December 2009 Morbidly Fascinating Page
The Horror Zine


Late 1800s/Early 1900s Circus Freaks

The Real Bonnie and Clyde

The Bog People

The Morbidly Fascinating Page

The December 2009 Morbidly Fascinating Page

This month's subject:

The Mutter Museum of Philadelphia (aka The Museum of Scientific Oddities)

Mutter Museum

Mutter sign

All of the images on this page are real. In some cases, the deformaties may make them look fake, but I assure you they are real. I have personally visited the Mutter Museum in 2007. It is open to the public.

Looking down from the 2nd floor



Another Cabinet

Twins in jar Conjoined twins


Soap Woman (below)

soap woman

wall of photos

Normal Brain

In front of the Mutter Museum (below)

Mutter Museum










This museum in the College of Physicians of Philadelphia is home to some of the most interesting medical specimens ever, ranging from the tallest skeleton on display in North America, to a collection of two thousand objects removed from people's throats. Started in 1858 by Thomas Dent Mütter, it was originally used to educate new doctors (new, that is, in the nineteenth century) on anatomy and human medical anomalies. Now it is open to the general public, but there is a downside: no photography or filming is allowed of the specimens. Exceptions are made for scholars and filmmakers on a case-by-case basis.

Thomas Dent Mütter
Doctor Thomas Dent Mütter served as the Professor of Surgery at Jefferson Medical College at Thomas Jefferson University in Philadelphia from 1841 through 1856. During his medical career, he collected a sizable collection of medical curiosities which he donated upon his retirement in 1856. Mütter passed away only a few years later in 1859. These initial specimens formed the beginnings of the Mütter Museum. Over the years others have contributed items or entire collections to the museum.

Stillborn Fetuses
Perhaps most likely to shock and disturb visitors are the rows of jars displaying deformed stillborn fetuses. It can be both heartbreaking and horrifying to witness these innocents doomed by misfires of nature. But please remember that these fetuses were dead at birth, and also that all of them are from the nineteenth century (the 1800s). Their purpose at the time, way back then, was to educate doctors. These days, in the twenty-first century, pre-natal health care and also the medical ability to separate conjoined twins makes many of these to end up not only as live births, but also to be able to go on to lead happy, normal, and productive lives.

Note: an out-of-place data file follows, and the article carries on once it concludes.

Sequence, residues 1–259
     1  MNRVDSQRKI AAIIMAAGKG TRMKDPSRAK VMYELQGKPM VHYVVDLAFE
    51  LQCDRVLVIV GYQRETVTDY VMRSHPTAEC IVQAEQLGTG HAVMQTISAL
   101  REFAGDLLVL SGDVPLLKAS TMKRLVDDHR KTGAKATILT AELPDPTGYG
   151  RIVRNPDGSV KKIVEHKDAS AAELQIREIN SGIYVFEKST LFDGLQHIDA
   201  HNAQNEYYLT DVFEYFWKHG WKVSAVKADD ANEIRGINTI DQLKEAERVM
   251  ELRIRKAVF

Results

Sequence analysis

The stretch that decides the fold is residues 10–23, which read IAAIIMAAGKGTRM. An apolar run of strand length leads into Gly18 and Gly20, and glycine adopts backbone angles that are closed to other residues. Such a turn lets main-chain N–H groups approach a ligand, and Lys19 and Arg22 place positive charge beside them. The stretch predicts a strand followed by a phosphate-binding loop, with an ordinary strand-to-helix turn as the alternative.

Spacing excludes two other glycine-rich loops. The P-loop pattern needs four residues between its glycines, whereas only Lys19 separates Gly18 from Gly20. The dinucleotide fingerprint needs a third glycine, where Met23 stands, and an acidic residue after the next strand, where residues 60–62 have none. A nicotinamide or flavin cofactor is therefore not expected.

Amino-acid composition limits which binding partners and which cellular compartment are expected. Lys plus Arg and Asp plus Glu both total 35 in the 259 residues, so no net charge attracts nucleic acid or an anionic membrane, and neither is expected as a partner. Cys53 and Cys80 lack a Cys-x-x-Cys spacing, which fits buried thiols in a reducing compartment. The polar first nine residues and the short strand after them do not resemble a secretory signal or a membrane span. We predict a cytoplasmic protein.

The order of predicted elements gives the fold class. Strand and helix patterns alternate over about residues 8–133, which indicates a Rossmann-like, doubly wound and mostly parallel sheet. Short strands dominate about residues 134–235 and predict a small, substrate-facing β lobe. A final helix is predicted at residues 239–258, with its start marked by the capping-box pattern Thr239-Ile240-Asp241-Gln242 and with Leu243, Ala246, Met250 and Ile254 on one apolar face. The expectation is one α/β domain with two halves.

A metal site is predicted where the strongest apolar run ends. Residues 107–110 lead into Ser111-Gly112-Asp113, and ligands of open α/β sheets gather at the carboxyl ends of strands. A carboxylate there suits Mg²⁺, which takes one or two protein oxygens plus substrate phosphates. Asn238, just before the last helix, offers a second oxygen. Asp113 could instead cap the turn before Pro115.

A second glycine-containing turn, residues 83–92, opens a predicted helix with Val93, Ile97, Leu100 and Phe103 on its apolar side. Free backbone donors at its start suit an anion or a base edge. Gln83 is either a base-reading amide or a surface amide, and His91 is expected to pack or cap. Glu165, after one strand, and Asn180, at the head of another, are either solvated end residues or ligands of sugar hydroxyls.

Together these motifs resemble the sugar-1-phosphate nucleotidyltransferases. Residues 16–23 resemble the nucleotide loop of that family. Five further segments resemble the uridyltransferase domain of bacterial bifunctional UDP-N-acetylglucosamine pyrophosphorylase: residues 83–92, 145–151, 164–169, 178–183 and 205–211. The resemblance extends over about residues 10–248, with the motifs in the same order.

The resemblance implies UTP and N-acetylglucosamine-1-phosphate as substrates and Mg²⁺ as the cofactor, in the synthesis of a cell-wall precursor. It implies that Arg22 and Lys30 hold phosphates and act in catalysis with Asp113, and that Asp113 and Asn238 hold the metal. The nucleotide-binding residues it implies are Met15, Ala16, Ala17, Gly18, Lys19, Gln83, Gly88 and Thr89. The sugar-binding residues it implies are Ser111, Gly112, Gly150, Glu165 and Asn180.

Perhaps the oddest attraction is the body of the "Soap Woman." This is the body of a woman who died of Yellow Fever sometime in the nineteenth century and was buried in soil with certain chemical properties . . . that turned her into soap! An accompanying display shows an x-ray cross-section and tells her story. A "Soap Man," buried alongside the Soap Woman, is occasionally displayed at the Smithsonian Institute.

Here are some of the exhibits in the Mutter Museum:

  • Skeletons of a giant and a dwarf side-by-side
  • Broken bones
  • Pott's Disease Skeletons
  • Skull Collections, including the Muniz collection of trephinated (holes cut in them) Peruvian skulls
  • "Brain Of A Murderer" - John Wilson hanged in Norristown, PA
  • "Brains of epileptics"
  • Longitudinal slices of the head, showing brain
  • Brain of animals arranged from tiny frog to man, often with eyes attached
  • Large collection of baby deformities.
  • Hearing apparatti of mammals in butterfly collection-like cases.
  • Photo of Lyndon Johnson lifting his shirt to show off his gall bladder operation scar
  • Wax Renderings of Eye Disease Problems
  • Iron Lung in the polio exhibit

Two celebrity body parts are must sees: the "Secret Tumor of Grover Cleveland," and the "Thorax of John Wilkes Booth." Grover's growth floats in a small jar, surreptitiously removed from his jaw while he was in office. Lincoln's Assassin's thorax was procured during the post mortem aboard a ship at the Washington Navy Yard. It ended up here.

The Chevalier Jackson Collection of over two thousand items is neatly organized in narrow lie-flat drawers. Dr. Jackson was an expert in this subspecialty, and many of the instruments he designed and used to extract foreign objects WITHOUT SURGERY are on display here. Some drawers are marked "bones" or "coins;" others offer "Nuts, Seeds, Shells or Other Vegetal Substances." Dental Material is proof that sometimes people do swallow their dentures.

Mutter Museum

19 S. 22nd St., Philadelphia, Pennsylvania 19103

West side of town, two blocks east of the Schuykill River, one block south of Chestnut. At the Philadelphia College of Physicians.

$12 regular, student discounted rates available.

Daily 10 am - 5 pm except Thanksgiving, Christmas, and New Year's Day. (Call to verify)

215-563-3737 x211

Printing on skull

Book cover

Dwarf and Giant (below)

dwarf and giant



Portrait of Dr. Thomas Dent Mutter (circa 1846).

Dr. Mutter